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Today's Stichomancy for Hugo Chavez

The first excerpt represents the element of Air. It speaks of mental influences and the process of thought, and is drawn from The Happy Prince and Other Tales by Oscar Wilde:

so lovely as his. Sweet-william grew there, and Gilly-flowers, and Shepherds'-purses, and Fair-maids of France. There were damask Roses, and yellow Roses, lilac Crocuses, and gold, purple Violets and white. Columbine and Ladysmock, Marjoram and Wild Basil, the Cowslip and the Flower-de-luce, the Daffodil and the Clove-Pink bloomed or blossomed in their proper order as the months went by, one flower taking another flower's place, so that there were always beautiful things to look at, and pleasant odours to smell.

"Little Hans had a great many friends, but the most devoted friend of all was big Hugh the Miller. Indeed, so devoted was the rich Miller to little Hans, that be would never go by his garden without

The second excerpt represents the element of Fire. It speaks of emotional influences and base passions, and is drawn from The Redheaded Outfield by Zane Grey:

fer this chanst. You're on Madden's Hill now.''

Muckle evidently was not the kind of pitcher to stand coolly under such bantering. Obviously he was not used to it. His face grew red and his hair waved up. Swinging hard, he threw the ball straight at Bob's head. Quick as a cat, Bob dropped flat.

``Never touched me!'' he chirped, jumping up and pounding the plate with his bat. ``You couldn't hit a barn door. Come on. I'll paste one a mile!''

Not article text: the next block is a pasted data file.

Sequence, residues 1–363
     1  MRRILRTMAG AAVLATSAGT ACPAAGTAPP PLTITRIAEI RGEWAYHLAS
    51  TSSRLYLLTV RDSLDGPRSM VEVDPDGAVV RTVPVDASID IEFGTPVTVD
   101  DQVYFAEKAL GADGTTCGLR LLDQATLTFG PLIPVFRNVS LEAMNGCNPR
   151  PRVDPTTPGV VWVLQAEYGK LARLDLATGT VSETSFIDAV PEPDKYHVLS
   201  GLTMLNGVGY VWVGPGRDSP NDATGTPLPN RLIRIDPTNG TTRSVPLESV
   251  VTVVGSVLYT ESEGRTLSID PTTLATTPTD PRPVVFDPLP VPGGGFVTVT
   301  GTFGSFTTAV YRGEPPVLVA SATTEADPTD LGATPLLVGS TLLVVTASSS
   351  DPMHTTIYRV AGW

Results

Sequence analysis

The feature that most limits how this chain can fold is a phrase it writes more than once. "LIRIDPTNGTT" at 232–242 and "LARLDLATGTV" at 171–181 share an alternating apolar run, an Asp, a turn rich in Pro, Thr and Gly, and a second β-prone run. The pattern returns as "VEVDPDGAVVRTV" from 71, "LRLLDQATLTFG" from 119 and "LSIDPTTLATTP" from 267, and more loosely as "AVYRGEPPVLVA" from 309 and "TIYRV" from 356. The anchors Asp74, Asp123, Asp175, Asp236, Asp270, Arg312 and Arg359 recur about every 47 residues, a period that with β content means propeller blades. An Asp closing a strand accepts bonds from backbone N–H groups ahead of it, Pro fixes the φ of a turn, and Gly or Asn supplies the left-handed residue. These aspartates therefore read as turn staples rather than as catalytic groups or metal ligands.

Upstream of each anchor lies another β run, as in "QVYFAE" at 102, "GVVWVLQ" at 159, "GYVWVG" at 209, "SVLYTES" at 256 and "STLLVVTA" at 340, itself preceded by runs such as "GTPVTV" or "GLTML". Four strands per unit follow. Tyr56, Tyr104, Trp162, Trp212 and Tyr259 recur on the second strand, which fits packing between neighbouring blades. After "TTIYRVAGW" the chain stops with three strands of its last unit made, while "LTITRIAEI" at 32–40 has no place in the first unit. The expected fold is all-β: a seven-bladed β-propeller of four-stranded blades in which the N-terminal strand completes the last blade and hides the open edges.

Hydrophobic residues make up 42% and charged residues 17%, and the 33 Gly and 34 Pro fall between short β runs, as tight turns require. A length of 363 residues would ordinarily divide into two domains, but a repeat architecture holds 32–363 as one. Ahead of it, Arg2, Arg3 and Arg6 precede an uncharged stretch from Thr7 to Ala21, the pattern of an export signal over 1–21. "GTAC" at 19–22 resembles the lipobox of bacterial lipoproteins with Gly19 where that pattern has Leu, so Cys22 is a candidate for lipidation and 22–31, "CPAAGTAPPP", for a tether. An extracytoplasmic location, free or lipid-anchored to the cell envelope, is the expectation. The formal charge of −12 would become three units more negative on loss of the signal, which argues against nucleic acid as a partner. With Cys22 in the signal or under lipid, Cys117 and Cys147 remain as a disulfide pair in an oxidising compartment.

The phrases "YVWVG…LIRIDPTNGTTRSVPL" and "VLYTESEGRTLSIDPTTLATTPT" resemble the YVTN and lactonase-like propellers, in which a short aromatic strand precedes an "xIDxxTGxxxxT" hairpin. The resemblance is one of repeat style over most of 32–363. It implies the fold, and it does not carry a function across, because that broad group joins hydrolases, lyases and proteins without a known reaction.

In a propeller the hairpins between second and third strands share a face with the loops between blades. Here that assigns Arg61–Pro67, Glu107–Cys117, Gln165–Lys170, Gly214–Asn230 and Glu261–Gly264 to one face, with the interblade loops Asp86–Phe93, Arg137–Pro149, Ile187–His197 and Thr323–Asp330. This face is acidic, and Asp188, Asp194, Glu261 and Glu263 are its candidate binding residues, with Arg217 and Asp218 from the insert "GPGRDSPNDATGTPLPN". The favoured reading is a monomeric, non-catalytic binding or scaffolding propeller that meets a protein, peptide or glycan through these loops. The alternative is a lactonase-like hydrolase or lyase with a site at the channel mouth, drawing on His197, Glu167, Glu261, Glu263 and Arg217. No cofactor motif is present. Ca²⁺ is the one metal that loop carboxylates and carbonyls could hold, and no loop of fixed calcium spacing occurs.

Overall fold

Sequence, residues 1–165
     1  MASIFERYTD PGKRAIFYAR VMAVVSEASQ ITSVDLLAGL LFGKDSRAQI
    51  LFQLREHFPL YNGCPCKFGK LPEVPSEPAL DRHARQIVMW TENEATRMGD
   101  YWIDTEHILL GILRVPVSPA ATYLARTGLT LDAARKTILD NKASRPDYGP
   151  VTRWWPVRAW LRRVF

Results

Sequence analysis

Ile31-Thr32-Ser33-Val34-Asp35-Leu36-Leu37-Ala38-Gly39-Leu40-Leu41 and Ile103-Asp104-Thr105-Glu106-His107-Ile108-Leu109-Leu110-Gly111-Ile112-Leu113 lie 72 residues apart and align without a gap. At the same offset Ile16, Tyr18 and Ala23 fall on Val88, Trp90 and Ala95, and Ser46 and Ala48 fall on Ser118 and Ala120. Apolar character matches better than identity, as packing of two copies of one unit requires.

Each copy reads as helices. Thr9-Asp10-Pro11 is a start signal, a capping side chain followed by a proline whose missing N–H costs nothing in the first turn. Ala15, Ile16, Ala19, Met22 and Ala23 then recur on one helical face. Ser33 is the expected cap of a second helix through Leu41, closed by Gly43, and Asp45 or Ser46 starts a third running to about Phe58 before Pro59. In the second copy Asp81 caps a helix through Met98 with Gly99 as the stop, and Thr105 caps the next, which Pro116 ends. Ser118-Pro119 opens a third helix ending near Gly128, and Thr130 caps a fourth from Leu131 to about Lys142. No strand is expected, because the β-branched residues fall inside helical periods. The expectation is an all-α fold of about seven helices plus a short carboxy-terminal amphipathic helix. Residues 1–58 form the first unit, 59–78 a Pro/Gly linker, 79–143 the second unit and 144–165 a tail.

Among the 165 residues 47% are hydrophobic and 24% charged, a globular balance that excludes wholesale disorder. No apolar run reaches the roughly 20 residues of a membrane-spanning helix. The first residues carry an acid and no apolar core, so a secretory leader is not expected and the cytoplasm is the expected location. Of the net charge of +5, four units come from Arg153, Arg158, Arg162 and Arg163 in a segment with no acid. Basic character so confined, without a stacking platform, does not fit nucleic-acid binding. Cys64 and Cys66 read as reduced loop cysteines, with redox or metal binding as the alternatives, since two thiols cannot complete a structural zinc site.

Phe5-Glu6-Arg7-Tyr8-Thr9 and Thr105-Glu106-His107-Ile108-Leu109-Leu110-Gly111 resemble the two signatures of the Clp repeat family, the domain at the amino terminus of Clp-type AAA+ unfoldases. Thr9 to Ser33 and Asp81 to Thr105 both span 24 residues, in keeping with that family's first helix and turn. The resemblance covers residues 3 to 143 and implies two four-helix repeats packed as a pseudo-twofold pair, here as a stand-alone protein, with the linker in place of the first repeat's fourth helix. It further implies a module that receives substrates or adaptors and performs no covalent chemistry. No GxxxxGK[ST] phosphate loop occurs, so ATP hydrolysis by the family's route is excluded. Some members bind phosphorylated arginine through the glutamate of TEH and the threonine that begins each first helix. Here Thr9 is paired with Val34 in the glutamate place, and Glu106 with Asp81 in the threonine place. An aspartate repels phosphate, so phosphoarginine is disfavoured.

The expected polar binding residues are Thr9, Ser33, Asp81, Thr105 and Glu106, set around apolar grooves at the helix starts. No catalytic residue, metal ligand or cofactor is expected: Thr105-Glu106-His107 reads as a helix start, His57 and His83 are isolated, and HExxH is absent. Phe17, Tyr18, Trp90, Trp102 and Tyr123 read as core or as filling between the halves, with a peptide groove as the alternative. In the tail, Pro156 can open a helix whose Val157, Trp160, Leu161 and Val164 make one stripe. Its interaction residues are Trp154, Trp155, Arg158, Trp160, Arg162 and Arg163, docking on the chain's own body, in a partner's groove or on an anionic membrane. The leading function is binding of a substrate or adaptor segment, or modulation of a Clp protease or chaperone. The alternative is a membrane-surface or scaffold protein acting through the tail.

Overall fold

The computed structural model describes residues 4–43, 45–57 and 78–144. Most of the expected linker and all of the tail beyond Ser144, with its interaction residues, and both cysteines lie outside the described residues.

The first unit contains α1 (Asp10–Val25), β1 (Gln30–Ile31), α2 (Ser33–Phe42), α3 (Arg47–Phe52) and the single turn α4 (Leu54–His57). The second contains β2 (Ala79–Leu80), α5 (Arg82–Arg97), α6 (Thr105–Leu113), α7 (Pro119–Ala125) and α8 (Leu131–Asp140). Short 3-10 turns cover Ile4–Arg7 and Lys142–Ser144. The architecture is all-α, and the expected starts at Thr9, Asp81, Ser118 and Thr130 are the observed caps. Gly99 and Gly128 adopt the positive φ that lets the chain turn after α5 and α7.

The Redheaded Outfield
The third excerpt represents the element of Water. It speaks of pure spiritual influences and feelings of love, and is drawn from I Have A Dream by Martin Luther King, Jr.:

cooling off or to take the tranquilizing drug of gradualism. Now is the time to rise from the dark and desolate valley of segregation to the sunlit path of racial justice. Now is the time to open the doors of opportunity to all of God's children. Now is the time to lift our nation from the quicksands of racial injustice to the solid rock of brotherhood.

It would be fatal for the nation to overlook the urgency of the moment and to underestimate the determination of the Negro. This sweltering summer of the Negro's legitimate discontent will not pass until there is an invigorating autumn of freedom and equality. Nineteen sixty-three is not an end, but a beginning.

The fourth excerpt represents the element of Earth. It speaks of physical influences and the impact of the unseen on the visible world, and is drawn from King Henry VI by William Shakespeare:

GLOSTER. Come, Warwick, take the time; kneel down, kneel down. Nay, when? strike now, or else the iron cools.

WARWICK. I had rather chop this hand off at a blow, And with the other fling it at thy face, Than bear so low a sail, to strike to thee.

KING EDWARD. Sail how thou canst, have wind and tide thy friend, This hand, fast wound about thy coal-black hair, Shall, whiles thy head is warm and new cut off,